Shark attacks on humans: Interview with Emergency Medical Treatment paramedic

On the scene of shark attacks on humans, in False Bay, Cape Town, South Africa you'll find the helping hands of the Emergency Medical Treatment (EMT) paramedics who appear as if out of nowhere. In an interview with Cape Town based EMT paramedic, Ian Klopper, Dalene Ingham-Brown uncovers valuable insight, advice and personal opinion about chumming for shark from a man who has dedicated his life to helping others.

Ian Kloppers has been doing paramedical work since 1989 and has been actively involved in inshore and offshore rescue with the NSRI, since 1982, working with boats and helicopter services.

Dalene: How many shark attack scenes have you worked on?

Ian: I have physically been at six shark attack scenes and assisted in coordinating the rescue of two others.

Dalene: What part of the body is usually affected when a shark attacks a human?

Ian: The lower extremities of the body: legs and torso.

Dalene: Do you have any tips, for those using the sea, to prevent falling victim of a shark attack?

Ian: I'd advise people obey the bathing instructions from local authorities. Also, it's important to keep an eye on the sign boards, flags, Shark Spotters and shark sirens to stay up to date with shark activity. People should always swim in demarcated areas and avoid going into the water at dawn or dusk in murky water. Also, stay in a group if possible.

Dalene: What advice would you give to someone who saw a shark rapidly approaching.

Ian: Keep your eye on the shark and stay as calm as possible. If the shark comes closer, try and push the shark away and get out of the water as soon as possible. Also, try and signal for help.

Dalene: Have you ever been shark cage diving?

Ian: Yes, I love it!

Dalene: Do you think chumming causes shark attacks on humans? If so, why?

Ian: I don’t think chumming causes shark attacks on humans. There's so much natural chum from Seal Island and fishing boats, that have been around for years, that I would be very surprised if a little bit of chumming from shark operators made any difference to their behavior patterns. This is just a personal opinion.

Dalene: In your personal opinion do you think chumming to attract sharks for the purpose of shark cage diving is good?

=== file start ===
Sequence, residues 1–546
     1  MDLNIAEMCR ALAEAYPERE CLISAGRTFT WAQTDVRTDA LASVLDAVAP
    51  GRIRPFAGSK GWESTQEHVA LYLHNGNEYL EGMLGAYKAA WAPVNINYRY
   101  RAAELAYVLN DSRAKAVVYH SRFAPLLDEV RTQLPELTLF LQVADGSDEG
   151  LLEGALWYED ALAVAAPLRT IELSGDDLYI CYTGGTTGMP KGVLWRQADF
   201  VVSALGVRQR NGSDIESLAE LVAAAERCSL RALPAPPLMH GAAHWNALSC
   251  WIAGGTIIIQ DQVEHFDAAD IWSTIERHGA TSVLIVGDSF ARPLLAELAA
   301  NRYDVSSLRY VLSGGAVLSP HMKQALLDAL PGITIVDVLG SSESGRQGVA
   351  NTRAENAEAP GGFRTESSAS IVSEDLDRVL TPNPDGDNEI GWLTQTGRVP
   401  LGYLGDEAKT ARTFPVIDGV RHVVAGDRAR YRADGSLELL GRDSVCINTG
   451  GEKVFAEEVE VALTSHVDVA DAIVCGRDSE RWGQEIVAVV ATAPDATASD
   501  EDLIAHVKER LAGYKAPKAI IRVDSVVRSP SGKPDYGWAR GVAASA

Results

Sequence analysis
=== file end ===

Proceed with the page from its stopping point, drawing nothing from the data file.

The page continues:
Ian: I honestly don’t think that chumming for the purpose of shark cage diving makes any difference to the sharks. The chum probably does heighten their senses but I am not sure that it has a lasting behavioral affect on the animal.

Dalene: Why do you think people are against chumming?

Ian: Ignorance and lack of understanding; so many 'experts' out there don’t really know anything about sharks. The more I learn about them, the less I feel I am able to comment. We know so little about them.

In a recent interview about chumming for shark, with great white shark guru Rob Lawrence, the same personal opinion can be noted regarding why people are against chumming: ignorance. Could it be that all this controversial subject needs is a shark cage diving trip for those who haven't gone before?

As long as we share the seas with a host of weird and wonderful creatures there will be risk of shark attacks on humans. However, if we follow the advice of the professionals and treat the sea and its inhabitants with the respect they deserve, we're one step closer to being able to live in harmony with one another. After all, even Ian Klopper fearlessly swims in Cape Town's False Bay waters.


Below, Zapiro (one of South Africa's most popular and leading cartoonists), creates a sketch focusing on the controversial issue of chumming for shark for the pleasure of commercial tourism.

Cartoon description and background:

With the raging debate about Shark chumming on radio and social networks and the recent death of a well-known body surfer in False Bay (Cape Town), Zapio's cartoon equates the logic of Shark chumming to the Kruger Park.